Apple’s recently announced child safety measures have been met with a cacophony of responses, both critical and supportive, from a variety of sources. International Justice Mission (IJM), through its Center to End Online Sexual Exploitation of Children, applauds Apple for its new child safety initiatives related to iCloud Photos and Messages specifically.
While Apple’s forthcoming initiatives are imperfect—and significant room exists across the tech sector to improve detection, disruption, and reporting of child sexual abuse—Apple’s move is a positive step forward.
For that reason, it should not be delayed.
It is an issue of privacy, but whose?
Strong opposition to Apple’s announcement is primarily presented under the banner of “privacy.” Common objections describe a slippery slope toward government abuses and mass surveillance. To be clear, the child safety solutions proposed by Apple have not been corrupted for such dire ends.
Critics fear a hypothetical future risk while apparently dismissing a very real, current, and widespread harm: Untold numbers of vulnerable children have been and are being abused, exploited, and otherwise victimized by the continued production, possession, and distribution of such images.
The current conversation risks elevating the hypothetical corruption of child safety solutions over the known and rampant misuse of existing technology to harm children.
As a survivor-centered organization, IJM deeply respects what survivors of child sexual abuse tell us and others in this space: children are entitled to have every image memorializing of the most painful and dehumanizing moments of their lives detected, reported, and removed from illicit circulation.
In contrast, offenders have no legal or privacy right to illegally create, possess, or share child sexual exploitation material. In fact, these acts undeniably violate the privacy of victimized children.
The survivors' voice is missing from the table
Unlike the hypothetical harm critics fear, the global crisis of child sexual abuse and exploitation—which Apple and others seek to counter through various safety initiatives and tech innovations—is all too real. In the face of privacy arguments against these safety measures, the Phoenix 11, a group of child sexual exploitation survivors, have rightly identified that this advocacy in the name of privacy is incomplete:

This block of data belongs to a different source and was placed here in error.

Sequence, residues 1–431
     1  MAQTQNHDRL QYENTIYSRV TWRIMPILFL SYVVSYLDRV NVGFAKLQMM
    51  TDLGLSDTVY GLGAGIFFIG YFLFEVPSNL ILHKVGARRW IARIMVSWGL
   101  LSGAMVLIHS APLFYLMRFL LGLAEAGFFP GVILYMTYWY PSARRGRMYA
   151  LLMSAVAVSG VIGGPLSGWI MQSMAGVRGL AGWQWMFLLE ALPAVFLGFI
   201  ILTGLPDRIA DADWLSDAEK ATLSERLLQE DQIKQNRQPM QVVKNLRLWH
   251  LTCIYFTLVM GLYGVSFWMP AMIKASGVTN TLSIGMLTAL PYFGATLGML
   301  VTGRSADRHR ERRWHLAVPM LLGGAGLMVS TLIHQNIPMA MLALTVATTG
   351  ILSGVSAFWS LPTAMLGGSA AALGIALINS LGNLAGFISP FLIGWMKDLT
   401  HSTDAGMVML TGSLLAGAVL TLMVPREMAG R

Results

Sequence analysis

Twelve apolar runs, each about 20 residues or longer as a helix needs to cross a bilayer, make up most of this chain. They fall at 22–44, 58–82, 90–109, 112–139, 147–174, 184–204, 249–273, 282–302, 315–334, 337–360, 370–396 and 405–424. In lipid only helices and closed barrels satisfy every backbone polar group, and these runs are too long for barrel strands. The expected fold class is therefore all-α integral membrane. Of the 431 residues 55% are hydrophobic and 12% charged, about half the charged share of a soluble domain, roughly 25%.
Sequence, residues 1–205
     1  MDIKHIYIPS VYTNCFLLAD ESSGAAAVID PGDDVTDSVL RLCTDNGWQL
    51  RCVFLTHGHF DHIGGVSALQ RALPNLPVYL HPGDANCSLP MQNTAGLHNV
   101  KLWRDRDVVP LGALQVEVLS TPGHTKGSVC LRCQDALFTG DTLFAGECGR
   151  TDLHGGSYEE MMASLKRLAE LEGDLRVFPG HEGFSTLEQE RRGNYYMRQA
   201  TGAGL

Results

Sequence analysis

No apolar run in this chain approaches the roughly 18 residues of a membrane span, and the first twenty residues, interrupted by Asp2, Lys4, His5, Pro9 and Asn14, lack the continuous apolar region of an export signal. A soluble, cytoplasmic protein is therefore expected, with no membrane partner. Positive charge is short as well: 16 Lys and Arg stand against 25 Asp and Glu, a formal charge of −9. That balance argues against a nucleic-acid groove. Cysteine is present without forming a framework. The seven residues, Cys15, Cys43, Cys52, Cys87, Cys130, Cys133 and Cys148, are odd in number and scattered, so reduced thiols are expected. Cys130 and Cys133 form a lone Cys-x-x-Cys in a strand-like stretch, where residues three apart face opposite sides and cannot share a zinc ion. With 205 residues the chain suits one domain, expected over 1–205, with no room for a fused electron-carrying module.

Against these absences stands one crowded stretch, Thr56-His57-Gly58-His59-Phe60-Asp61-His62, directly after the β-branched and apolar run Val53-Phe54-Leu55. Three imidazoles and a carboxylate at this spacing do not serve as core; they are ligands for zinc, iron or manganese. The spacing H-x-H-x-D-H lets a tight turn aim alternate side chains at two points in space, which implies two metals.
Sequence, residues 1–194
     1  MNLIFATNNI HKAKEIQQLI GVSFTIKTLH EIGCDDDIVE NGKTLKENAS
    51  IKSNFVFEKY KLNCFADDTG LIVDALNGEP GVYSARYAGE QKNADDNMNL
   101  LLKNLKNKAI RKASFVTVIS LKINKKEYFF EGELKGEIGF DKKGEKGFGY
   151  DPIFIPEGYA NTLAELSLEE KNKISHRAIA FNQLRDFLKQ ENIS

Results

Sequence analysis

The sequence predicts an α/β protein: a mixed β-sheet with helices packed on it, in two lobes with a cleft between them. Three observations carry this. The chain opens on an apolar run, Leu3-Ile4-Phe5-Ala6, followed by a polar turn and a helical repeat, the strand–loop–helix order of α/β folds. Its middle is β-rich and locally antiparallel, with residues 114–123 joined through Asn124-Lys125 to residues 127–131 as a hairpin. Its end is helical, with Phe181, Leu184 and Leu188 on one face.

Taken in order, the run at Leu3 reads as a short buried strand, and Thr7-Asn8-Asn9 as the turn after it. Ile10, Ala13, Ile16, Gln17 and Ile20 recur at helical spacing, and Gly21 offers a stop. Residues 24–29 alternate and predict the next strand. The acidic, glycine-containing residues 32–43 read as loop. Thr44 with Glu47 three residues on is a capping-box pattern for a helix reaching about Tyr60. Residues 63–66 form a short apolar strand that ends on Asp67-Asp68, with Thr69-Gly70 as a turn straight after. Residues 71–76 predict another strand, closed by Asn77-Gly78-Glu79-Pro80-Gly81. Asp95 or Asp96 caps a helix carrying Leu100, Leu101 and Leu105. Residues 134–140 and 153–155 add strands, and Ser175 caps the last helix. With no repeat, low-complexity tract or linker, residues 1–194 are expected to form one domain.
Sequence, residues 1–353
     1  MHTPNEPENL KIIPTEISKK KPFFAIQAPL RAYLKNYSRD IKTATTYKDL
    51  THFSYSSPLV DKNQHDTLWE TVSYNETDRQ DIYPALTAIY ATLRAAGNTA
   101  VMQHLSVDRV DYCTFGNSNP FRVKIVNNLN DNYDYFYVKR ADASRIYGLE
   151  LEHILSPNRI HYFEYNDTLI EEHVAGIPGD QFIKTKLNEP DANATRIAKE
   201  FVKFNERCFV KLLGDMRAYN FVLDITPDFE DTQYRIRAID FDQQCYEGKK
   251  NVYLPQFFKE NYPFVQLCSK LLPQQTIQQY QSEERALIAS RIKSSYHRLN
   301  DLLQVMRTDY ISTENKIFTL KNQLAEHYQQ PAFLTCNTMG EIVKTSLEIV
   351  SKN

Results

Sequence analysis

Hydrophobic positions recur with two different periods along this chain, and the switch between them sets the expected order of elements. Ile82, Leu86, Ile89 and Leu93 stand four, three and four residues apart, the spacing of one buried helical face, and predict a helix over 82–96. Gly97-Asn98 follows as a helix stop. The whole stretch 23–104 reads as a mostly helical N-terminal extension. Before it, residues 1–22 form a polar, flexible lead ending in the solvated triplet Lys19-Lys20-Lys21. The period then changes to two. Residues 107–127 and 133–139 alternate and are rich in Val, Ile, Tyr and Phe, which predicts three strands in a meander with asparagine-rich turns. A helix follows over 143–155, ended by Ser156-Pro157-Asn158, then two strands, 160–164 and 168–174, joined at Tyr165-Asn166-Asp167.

“What about our right to privacy? … It is our privacy that is violated each time an image of our child sexual abuse is accessed, possessed or shared.”
While others have provided more technical reviews of Apple’s plans, the voices of survivors have not been sufficiently prominent. We commend the Phoenix 11’s courageous advocacy for themselves and others.
IJM has also seen firsthand the harm and trauma children experience when sexual abuse and exploitation go undetected and unreported. We’ve also seen the very good reality of protection and hope when that abuse is uncovered and those victims are identified.
In the Philippines, IJM has supported law enforcement since 2011 in safeguarding over 850 people from livestreamed sexual abuse and exploitation by in-person traffickers whom online sex offenders pay for new abusive content.
Among those protected are children like Joy, Ruby, Cassie, Chang, and Marj.
Ruby*, now a survivor leader as an adult, shares the trauma she endured as a child:
“I felt disgusted by every action I was forced to do just to satisfy customers online. I lost my self-esteem and I felt very weak. I became so desperate to escape, to the point that I would shout whenever I heard a police siren go by, hoping somebody would hear me.”
Marj* was first exploited at the age of 13 by her friend’s older sister:
“I was confused because I was just a child. I was shaking. Then, I felt different. I felt ashamed. But I also had nowhere else to go.”
The act of forcing her to take explicit pictures was painful enough, but as Marj shared with IJM:
“…that abuse, I did not expect that it would spread. That it would be sent to other people.”
Take it from the Phoenix 11, Ruby, Marj, and others: Survivors are harmed first by the abuse they suffered, and then repeatedly through the violation of their privacy by offenders who possess and share images depicting their sexual exploitation. Apple’s new safety features are a step toward protecting the privacy of survivors while reasonably respecting the privacy of its users.
It’s not just about Apple
This is not about a single company. Improving the tech industry’s detection, disruption, and reporting of child sexual abuse is critical to protecting victims and survivors from ongoing harm. Innovations like on-device solutions hold significant promise precisely because of the potential to balance user privacy with child protection.
Fortunately, child safety leaders across the tech sector have expressed their commitment. “We are resolved to drive forward the improvements in technology and systems that will ultimately eradicate the online sexual abuse and exploitation of children on our platforms,” said the Technology Coalition’s Executive Director in its first-ever annual report.
Recent child safety announcements by Technology Coalition members Apple, TikTok and Google are steps in the right direction, with much more to be done. Yet the current backlash against these efforts could discourage the development and adoption of additional real-world protections for children.
That would be a missed opportunity for both child protection and true privacy.